The reason the drink isn't fondly remembered by Starbucks customers is because of the addition of chia seeds, which were layered into the drink in a zig-zag pattern. This certainly made the drink look like a bona-fide witch's brew, but it completely clogged its texture. The seeds were extremely slimy and didn't mesh well with a Frappuccino's traditional creaminess. Even worse, the seeds were poured into the drink in deliberately large chunks in order to achieve the specific visual effect. This led to massive clumps of chia seeds startling customers whenever they tried to drink the (fortunately) limited-time brew.

Salted Honey Cold Foam

Drinks involving Starbucks' salted honey flavor were notorious for making customers ask for a swap after the first sip. In theory, this foam sounded like it would actually taste pretty good (especially in the wake of Starbucks' original salted cold foam, which was relatively successful). Unfortunately, its flavor didn't live up to its promise, and was rapidly pulled from stores.

The cold foam was available on Nitro and cold brew drinks, and was made using Starbucks' limited-edition honey syrup and a literal packet (or two) of salt — the exact same kind you'd get if you asked for seasonings to go with your egg bites. Though it's probably not surprising that salt was involved in the making of the salted honey cold foam, the fact that raw salt was mixed in with the honey (in almost exactly a 1:1 ratio to boot) was likely to be a big part of the reason why the drink failed. The salty flavor was so overwhelming (and so shocking compared to the taste of the honey syrup) that even those who thought they'd end up enjoying it couldn't get past the foam's strange flavor. 

Tie-Dye Frappuccino

The infamous Starbucks Tie-Dye Frappuccino made its debut in the summer of 2019 as part of that year's limited edition summer lineup. Though it certainly looked like a dream (and prompted many social media posts bursting with its vibrant glory), its taste was relatively nightmarish. The drink was extremely difficult for baristas to make: It required several packets of coloring that had to be properly deployed into the drink to create the tie-dye effect. This was extremely time-consuming, and a major problem during busy hours.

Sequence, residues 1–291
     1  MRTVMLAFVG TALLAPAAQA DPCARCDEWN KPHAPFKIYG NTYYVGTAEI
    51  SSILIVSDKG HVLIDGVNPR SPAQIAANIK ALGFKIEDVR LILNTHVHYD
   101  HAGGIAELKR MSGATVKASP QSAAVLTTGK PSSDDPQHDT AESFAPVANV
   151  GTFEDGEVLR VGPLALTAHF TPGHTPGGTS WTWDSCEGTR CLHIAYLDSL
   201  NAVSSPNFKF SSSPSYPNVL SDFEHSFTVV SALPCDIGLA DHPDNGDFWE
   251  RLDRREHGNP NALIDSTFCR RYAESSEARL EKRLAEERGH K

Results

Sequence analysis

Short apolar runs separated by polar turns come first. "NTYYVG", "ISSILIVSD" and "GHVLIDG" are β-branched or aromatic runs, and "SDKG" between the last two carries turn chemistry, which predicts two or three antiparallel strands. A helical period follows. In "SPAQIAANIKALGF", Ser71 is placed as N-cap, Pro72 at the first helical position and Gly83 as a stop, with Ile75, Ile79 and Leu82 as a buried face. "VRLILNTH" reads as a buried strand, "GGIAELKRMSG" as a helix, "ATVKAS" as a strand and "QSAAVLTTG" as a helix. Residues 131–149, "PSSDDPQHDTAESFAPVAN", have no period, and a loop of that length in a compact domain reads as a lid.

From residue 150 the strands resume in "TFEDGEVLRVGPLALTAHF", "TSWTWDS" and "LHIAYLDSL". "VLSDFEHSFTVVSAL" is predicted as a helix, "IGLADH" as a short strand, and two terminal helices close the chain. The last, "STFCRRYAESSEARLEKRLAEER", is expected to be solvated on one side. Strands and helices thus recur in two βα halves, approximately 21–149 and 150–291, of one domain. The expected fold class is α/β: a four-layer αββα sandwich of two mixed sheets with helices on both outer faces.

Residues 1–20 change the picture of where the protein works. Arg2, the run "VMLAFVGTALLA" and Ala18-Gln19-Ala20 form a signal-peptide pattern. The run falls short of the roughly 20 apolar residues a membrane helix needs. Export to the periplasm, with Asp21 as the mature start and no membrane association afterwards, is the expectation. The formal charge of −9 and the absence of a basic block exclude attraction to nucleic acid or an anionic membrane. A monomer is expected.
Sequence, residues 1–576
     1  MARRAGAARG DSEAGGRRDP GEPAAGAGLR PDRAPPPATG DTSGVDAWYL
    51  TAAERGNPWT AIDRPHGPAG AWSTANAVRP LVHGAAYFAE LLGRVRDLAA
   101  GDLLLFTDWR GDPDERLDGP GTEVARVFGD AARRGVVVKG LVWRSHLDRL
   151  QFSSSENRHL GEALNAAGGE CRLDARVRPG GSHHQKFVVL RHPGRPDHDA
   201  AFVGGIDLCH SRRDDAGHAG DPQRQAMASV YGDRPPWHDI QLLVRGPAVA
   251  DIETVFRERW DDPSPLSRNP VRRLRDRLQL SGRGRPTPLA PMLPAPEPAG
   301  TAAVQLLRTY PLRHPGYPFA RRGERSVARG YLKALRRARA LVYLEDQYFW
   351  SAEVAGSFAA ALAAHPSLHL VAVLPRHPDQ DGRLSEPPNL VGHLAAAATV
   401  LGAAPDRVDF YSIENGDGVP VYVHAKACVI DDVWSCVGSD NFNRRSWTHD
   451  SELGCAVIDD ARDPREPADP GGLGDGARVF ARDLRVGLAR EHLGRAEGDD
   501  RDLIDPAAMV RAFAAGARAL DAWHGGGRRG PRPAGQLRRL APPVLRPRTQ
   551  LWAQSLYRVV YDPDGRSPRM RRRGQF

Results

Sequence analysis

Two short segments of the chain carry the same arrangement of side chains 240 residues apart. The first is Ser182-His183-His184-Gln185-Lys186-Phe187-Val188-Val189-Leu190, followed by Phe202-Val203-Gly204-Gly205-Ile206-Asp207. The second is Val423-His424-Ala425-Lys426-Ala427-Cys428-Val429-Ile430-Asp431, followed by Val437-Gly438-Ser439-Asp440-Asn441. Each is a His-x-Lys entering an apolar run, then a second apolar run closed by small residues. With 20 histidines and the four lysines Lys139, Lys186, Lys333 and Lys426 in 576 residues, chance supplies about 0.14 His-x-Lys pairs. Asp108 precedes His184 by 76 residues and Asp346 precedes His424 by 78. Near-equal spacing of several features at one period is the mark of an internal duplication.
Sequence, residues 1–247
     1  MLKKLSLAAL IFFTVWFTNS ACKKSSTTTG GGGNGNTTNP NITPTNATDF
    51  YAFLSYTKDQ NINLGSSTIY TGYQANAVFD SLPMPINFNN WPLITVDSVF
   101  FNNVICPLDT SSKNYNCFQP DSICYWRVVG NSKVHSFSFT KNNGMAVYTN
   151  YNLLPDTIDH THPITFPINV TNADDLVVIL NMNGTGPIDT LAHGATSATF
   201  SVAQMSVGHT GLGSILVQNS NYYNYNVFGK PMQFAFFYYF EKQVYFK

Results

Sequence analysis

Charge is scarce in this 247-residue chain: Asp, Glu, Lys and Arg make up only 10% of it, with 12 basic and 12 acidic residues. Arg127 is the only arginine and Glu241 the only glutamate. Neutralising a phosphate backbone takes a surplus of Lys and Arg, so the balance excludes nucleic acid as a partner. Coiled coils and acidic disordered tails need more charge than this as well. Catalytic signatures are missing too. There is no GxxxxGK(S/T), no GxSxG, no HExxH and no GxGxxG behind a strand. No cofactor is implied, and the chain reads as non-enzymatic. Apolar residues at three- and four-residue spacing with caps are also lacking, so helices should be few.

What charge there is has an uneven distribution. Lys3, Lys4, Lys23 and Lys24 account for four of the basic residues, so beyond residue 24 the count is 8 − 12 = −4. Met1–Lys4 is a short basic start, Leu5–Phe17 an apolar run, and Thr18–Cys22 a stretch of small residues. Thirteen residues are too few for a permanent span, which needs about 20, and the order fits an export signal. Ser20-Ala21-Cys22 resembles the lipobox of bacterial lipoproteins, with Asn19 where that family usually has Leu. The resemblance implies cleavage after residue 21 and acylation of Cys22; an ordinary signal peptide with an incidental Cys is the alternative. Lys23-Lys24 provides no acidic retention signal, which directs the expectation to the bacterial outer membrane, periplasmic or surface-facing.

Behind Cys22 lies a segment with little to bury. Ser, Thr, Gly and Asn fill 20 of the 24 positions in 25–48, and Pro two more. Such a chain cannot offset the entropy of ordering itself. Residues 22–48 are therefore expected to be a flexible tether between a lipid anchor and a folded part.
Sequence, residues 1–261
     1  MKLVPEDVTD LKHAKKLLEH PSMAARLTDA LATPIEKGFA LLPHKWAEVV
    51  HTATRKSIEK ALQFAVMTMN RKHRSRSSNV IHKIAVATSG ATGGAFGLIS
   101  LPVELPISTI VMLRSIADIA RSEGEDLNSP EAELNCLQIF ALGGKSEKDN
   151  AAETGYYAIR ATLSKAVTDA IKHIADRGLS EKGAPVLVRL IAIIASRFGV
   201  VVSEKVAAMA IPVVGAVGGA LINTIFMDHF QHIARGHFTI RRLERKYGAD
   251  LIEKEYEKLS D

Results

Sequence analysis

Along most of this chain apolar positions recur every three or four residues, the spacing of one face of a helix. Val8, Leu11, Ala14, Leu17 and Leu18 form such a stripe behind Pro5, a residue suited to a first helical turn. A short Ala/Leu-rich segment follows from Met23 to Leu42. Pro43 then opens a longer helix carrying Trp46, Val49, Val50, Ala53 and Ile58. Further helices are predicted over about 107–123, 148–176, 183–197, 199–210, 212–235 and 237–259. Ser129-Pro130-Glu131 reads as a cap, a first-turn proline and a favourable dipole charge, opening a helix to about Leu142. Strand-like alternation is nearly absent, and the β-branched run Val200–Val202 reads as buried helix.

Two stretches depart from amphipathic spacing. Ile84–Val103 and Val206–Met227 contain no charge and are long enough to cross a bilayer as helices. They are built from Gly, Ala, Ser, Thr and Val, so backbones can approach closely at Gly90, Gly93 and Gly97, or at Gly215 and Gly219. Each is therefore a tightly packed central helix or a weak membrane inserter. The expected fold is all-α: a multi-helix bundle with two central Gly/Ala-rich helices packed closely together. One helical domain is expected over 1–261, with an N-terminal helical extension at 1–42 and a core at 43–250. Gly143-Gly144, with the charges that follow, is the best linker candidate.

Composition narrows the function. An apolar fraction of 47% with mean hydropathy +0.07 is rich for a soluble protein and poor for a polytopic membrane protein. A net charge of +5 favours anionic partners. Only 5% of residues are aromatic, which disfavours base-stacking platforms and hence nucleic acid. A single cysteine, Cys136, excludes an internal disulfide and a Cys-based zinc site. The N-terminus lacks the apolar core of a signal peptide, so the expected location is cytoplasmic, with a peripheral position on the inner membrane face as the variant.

This drink's flaws didn't stop at being hard to make, though. Starbucks settled on a banana flavor for this 2019 Frappuccino, but the final version of the drink sometimes tasted more like slightly banana-flavored Laffy Taffy, with an occasional soapy aftertaste. This made it a drink that was truly only for aesthetics — if yours hadn't melted and turned vaguely green-brown by the time you got to it, anyway.

Kiwi Starfruit Refresher

The Kiwi Starfruit Refresher was a huge moment for fans of the Starbucks Refreshers lineup. Part of the summer 2020 menu, the drink was made with kiwi and starfruit juice, lemonade, and kiwi pieces. This resulted in a uniquely neon green Refresher. Sounds like an excellent summer beverage, right? Sadly, it didn't end up sticking around for long — and for good reason.

The vivid green color of this drink implies refreshing tropical flavor with a tart twist. But the taste was anything but refreshing, or even all that tropical. Instead, it was ... weird. It was too sour, vaguely chemical, and disliked by plenty of Starbucks employees. Perhaps the taste of real kiwis was too difficult to replicate in Refresher form? We can't say for sure, but what we do know is that it was unpopular. The drink was eventually pulled unceremoniously from stores, never to disgrace the chain again.

Crystal Ball Frappuccino

The Crystal Ball Frappuccino graced Starbucks' menu in 2018. In concept, it seems like something that would probably still be immensely popular today. The Crystal Ball Frappuccino came in three different colors — green, purple, or blue — and the color you received was randomized, based on what sprinkles were added to the top of the drink's whipped cream. The different colors determined your fortune, according to the marketing campaign — all good outcomes, of course. Blue meant adventure, green meant luck, and purple meant magic.